Upper Slaughter shown within Gloucestershire
|OS grid reference|
|Sovereign state||United Kingdom|
|EU Parliament||South West England|
Upper Slaughter is a village in the English county of Gloucestershire located in the Cotswold district located 4 miles (6.4 km) south west of the town of Stow-on-the-Wold. Nearby places include Lower Slaughter, Bourton-on-the-Water and Daylesford.
Upper Slaughter was identified by author Arthur Mee as one of 32 Thankful Villages, although more recent work suggests a total of 52. This term referred to the small number of villages in England and Wales which had lost no men in World War I, and was popularised by Mee in the 1930s. In Enchanted Land (1936), the introductory volume to "The King’s England" series of guides, he wrote "that a Thankful Village was one which had lost no men in the Great War because all those who left to serve came home again." Although the village was subject to an air raid, it also lost no men in World War II, an honour held by only 14 villages, collectively known as the Doubly Thankful Villages.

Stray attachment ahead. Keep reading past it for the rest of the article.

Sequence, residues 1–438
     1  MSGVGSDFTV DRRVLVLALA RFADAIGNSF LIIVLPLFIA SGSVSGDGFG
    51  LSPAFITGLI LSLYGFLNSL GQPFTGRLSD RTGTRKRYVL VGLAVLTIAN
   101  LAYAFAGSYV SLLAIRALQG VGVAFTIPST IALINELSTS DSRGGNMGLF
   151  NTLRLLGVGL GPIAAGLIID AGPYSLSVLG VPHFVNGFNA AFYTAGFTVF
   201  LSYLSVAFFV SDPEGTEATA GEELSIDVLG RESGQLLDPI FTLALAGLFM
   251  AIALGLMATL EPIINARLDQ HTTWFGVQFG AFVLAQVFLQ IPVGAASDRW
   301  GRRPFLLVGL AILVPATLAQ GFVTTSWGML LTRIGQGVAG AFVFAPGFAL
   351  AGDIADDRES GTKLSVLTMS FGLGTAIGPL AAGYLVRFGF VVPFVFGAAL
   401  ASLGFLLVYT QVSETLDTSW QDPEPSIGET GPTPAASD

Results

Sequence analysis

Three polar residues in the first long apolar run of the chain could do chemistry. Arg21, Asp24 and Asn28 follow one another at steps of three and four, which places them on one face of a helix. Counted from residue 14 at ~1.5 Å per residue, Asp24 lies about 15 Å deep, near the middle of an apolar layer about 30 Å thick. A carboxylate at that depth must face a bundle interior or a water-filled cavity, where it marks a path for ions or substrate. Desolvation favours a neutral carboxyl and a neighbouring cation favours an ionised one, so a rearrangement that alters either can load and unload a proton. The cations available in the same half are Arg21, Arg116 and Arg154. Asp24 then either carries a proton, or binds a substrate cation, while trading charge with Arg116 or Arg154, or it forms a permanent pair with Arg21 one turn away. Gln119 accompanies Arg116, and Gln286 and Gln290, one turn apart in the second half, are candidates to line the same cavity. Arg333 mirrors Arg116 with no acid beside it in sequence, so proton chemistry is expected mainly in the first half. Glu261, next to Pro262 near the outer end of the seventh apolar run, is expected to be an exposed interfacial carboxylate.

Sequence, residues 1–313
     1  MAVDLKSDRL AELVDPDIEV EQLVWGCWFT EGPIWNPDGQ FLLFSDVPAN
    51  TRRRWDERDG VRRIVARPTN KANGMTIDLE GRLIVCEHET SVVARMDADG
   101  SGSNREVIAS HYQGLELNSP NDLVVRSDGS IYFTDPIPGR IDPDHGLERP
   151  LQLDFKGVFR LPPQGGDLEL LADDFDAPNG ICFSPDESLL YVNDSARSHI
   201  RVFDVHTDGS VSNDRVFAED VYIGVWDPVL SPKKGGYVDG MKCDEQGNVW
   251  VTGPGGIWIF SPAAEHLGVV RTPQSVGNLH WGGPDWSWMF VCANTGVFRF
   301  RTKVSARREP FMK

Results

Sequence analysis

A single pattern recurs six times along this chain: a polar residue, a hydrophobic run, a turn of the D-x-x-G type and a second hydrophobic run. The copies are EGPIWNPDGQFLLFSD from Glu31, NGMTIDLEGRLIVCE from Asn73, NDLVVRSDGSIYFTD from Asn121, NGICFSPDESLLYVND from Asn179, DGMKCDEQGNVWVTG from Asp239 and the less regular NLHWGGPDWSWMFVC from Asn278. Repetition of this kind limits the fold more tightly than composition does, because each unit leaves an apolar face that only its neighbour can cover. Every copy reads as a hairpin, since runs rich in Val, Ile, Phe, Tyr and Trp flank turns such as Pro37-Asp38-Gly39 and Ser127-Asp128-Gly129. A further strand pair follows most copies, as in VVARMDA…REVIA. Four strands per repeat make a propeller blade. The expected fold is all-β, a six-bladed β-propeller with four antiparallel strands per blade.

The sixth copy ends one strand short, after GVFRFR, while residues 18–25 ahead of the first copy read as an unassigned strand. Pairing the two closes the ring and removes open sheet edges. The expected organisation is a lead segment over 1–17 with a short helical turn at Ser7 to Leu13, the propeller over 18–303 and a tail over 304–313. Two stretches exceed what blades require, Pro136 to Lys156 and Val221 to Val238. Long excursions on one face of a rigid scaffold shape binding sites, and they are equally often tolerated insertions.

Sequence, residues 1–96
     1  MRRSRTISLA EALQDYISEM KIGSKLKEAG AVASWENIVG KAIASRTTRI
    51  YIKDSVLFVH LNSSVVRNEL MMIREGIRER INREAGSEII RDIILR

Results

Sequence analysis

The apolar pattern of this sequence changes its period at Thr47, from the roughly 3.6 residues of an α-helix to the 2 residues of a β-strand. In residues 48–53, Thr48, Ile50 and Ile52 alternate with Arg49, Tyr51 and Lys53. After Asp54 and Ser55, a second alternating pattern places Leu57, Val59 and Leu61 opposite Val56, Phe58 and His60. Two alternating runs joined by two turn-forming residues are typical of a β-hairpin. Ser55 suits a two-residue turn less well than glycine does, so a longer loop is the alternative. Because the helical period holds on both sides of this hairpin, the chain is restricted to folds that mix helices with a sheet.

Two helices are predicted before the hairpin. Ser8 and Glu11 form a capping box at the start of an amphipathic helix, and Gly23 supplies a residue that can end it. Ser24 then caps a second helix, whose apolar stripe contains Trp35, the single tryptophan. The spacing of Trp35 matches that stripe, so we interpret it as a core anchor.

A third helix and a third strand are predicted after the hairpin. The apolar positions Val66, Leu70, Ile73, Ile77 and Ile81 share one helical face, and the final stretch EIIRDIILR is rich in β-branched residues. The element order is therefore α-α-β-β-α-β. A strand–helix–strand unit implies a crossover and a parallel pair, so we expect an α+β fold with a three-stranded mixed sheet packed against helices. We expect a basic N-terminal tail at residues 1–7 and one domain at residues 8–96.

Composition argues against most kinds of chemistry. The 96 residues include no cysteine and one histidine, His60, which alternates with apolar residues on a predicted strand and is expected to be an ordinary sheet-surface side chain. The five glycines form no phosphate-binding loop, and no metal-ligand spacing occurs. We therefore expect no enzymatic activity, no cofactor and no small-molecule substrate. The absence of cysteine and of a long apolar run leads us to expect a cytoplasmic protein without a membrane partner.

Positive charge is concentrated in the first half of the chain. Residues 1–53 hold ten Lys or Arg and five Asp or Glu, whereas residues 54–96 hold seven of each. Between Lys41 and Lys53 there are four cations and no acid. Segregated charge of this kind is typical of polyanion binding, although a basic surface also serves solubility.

The parliamentary constituency is represented by Geoffrey Clifton-Brown MP.
The largest business in the village is the Lords of the Manor Hotel.
Places of architectural interest include:
- St Peter's Church
- Upper Slaughter Manor
- Home Farmhouse
- The Old School House
- Castle Mound
- Rose Row
- The Square
Media related to Upper Slaughter at Wikimedia Commons
- The Buildings of England, ed Nikolaus_Pevsner
- Elrington, C. R. (1965). A History of the County of Gloucester: volume 6. pp. 134–142.
- "The thankful villages by Norman Thorpe, Rod Morris and Tom Morgan". Hellfirecorner.co.uk. Retrieved 2013-06-09.
- Kelly, Jon (11 November 2011). "Thankful villages: The places where everyone came back from the wars". BBC News. Retrieved 11 November 2011.
- "Parishes - Upper Slaughter | A History of the County of Gloucester: volume 6 (pp. 134-142)". British-history.ac.uk. 1913-10-04. Retrieved 2013-06-09.
- The Buildings of England Gloucestershire 1: The Cotswolds, David Very and Alan Brooks, Penguin Books 1999
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